9.5 Specific Tools for the Analysis of WFC3
This section describes existing tools and packages that can be used for the analysis of WFC3 data. Some of these tools are distributed as STScI affiliated packages, while others have been developed by STScI scientists for their own scientific projects, but have also been made available to the community. The latter type of software is not directly supported by the WFC3 team; thus users are directed to the software developers for assistance.
wfc3tools is a python package containing several WFC3-specific tools. Online documentation for wfc3tools can be found on read the docs at:
The package is available on github and is also distributed on the STScI-maintained AstroConda channel. wfc3tools contains the python wrapper modules that call the calwf3 pipeline executables (whose source code is written in C), as well as other auxiliary functions. The pipeline modules (calwf3, wf3cte, wf3ccd, wf32d, wf3rej, wf3ir) are described in detail in Chapter 3 of this book. Here we briefly describe the other tools. The boldface paragraph titles correspond to the module name, and link to the read-the-docs resources which contain a more detailed documentation.
Given an image specified by the user which contains a subarray readout, return a full-frame image with the subarray implanted at the appropriate location.
Plot statistics for a specified image section up the ramp of an IR MultiAccum image. Sections from any of the SCI, ERR, DQ, image extensions can be plotted. A choice of mean, median, mode, standard deviation, minimum and maximum statistics is available.
Plot the stack of MultiAccum sample values for a specified pixel in an IR multiaccum image. Pixels from any of the SCI, ERR, DQ, or TIME image extensions can be plotted.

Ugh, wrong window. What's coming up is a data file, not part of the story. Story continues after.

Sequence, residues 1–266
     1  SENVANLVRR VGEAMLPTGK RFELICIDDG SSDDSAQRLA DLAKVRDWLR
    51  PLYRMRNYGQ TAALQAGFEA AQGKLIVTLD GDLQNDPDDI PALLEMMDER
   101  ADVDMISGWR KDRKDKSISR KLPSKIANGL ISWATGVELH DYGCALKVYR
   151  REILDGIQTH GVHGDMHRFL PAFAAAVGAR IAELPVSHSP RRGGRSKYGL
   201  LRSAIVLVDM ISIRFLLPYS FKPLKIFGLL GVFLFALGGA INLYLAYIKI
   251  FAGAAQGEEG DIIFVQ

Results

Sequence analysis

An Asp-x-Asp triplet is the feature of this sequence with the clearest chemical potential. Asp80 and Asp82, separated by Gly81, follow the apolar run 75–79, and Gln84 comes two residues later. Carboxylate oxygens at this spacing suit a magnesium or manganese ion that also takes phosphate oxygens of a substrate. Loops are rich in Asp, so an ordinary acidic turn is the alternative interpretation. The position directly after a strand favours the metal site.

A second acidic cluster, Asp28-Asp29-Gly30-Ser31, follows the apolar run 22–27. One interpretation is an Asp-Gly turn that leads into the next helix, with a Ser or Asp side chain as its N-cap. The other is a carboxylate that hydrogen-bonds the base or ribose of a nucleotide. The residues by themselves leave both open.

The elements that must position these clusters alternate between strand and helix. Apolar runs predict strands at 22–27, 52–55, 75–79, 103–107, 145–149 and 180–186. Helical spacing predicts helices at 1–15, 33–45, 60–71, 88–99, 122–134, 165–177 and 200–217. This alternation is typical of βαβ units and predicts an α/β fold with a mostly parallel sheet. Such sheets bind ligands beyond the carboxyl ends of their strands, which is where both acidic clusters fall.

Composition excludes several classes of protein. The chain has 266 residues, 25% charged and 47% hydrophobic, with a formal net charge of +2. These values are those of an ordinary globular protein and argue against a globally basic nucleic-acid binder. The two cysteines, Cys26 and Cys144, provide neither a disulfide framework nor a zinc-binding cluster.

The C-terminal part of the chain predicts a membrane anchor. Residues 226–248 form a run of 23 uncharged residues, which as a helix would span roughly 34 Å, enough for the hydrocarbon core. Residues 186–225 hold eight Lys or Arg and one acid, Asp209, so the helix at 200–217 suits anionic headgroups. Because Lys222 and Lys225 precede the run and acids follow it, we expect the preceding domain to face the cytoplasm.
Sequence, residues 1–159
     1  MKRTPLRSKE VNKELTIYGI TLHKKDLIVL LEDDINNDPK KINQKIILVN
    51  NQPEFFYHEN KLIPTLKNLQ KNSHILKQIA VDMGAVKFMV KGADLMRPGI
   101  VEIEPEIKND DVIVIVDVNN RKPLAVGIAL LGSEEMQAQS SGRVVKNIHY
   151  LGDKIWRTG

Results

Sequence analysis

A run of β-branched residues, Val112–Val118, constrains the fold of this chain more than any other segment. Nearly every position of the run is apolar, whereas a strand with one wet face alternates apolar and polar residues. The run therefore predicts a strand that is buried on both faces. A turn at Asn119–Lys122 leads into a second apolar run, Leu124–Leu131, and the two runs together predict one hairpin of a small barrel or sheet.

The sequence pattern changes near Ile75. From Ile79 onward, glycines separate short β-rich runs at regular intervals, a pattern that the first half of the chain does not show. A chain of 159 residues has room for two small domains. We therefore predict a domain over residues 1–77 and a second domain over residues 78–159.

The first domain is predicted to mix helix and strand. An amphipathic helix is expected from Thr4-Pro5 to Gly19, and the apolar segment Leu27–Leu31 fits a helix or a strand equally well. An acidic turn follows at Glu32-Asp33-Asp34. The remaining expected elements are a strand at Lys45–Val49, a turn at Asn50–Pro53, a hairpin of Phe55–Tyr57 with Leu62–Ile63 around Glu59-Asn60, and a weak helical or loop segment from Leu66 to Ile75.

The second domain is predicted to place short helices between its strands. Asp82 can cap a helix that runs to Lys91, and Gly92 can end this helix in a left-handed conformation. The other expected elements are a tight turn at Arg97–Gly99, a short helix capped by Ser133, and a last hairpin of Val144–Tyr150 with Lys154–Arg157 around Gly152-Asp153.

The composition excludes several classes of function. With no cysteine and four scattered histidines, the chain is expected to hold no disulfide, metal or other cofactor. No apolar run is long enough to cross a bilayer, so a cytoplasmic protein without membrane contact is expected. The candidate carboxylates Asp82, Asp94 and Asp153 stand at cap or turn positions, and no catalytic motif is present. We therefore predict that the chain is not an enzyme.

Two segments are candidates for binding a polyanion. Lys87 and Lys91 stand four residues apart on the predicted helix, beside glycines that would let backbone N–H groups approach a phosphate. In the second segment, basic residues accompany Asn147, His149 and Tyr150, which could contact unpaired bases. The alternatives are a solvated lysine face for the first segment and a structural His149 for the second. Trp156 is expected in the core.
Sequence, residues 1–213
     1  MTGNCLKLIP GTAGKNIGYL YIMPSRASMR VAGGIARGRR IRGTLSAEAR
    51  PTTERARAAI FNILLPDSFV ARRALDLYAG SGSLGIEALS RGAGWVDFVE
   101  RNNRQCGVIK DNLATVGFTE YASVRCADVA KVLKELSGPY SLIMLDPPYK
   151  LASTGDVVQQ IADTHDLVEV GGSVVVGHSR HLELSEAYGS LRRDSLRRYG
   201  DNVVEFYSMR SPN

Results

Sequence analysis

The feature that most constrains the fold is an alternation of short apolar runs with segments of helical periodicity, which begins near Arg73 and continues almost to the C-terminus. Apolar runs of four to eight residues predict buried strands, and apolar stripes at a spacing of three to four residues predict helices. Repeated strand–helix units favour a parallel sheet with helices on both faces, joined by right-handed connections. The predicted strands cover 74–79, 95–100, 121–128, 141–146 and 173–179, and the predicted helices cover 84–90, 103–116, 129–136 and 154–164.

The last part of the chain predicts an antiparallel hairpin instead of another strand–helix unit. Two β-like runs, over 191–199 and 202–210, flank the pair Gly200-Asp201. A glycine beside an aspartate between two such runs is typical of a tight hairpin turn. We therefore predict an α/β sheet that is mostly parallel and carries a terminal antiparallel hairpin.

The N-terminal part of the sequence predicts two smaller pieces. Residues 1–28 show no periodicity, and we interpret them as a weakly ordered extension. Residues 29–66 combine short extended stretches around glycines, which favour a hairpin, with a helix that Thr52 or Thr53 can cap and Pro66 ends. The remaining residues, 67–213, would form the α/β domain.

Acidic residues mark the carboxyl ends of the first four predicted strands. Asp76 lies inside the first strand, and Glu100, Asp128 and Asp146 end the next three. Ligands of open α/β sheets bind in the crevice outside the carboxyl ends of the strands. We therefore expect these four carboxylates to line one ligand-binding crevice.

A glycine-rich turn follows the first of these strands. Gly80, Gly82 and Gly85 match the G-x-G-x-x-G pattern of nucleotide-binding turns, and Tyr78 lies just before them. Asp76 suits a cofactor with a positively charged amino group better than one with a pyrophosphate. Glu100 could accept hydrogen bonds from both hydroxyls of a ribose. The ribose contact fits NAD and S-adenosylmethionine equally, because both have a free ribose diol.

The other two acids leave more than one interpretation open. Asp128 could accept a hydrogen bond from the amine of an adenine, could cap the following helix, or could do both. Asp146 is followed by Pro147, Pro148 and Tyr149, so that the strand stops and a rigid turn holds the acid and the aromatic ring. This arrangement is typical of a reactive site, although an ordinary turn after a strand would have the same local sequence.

Sampinfo prints information about a WFC3/IR MultiAccum image, including exposure time information for the individual samples (readouts). The global information listed (and the names of the header keywords from which it is retrieved) includes:
- the total number of image extensions in the file (NEXTEND)
- the name of the MultiAccum exposure sample sequence (SAMP_SEQ)
- the total number of samples, including the “zeroth” read (NSAMP)
- the total exposure time of the observation (EXPTIME).
Given an image specified by the user which contains a subarray readout, return the location of the corner of the subarray in a full frame reference image (including the full physical extent of the chip), in 1-indexed pixels. If the user supplies an X and Y coordinate, then the translated location of that point will be returned.
9.5.2 Standalone Fortran routines for CTE correction
While the WFC3 team provides a python tool, wfc3cte, under the wfc3tools package, a standalone routine for cte correction of raw UVIS images is also available and documented here:
9.5.3 Cross-talk correction software
As described in Section 5.5.3, electronic crosstalk between the UVIS amplifiers during readout induces faint, negative, mirror-symmetric ghost images in the other quadrant of the same CCD chip. Software for cross-talk removal as well as a description of the analysis behind such software can be found here:
9.5.4 Grizli: Grism redshift & line analysis software for space-based slitless spectroscopy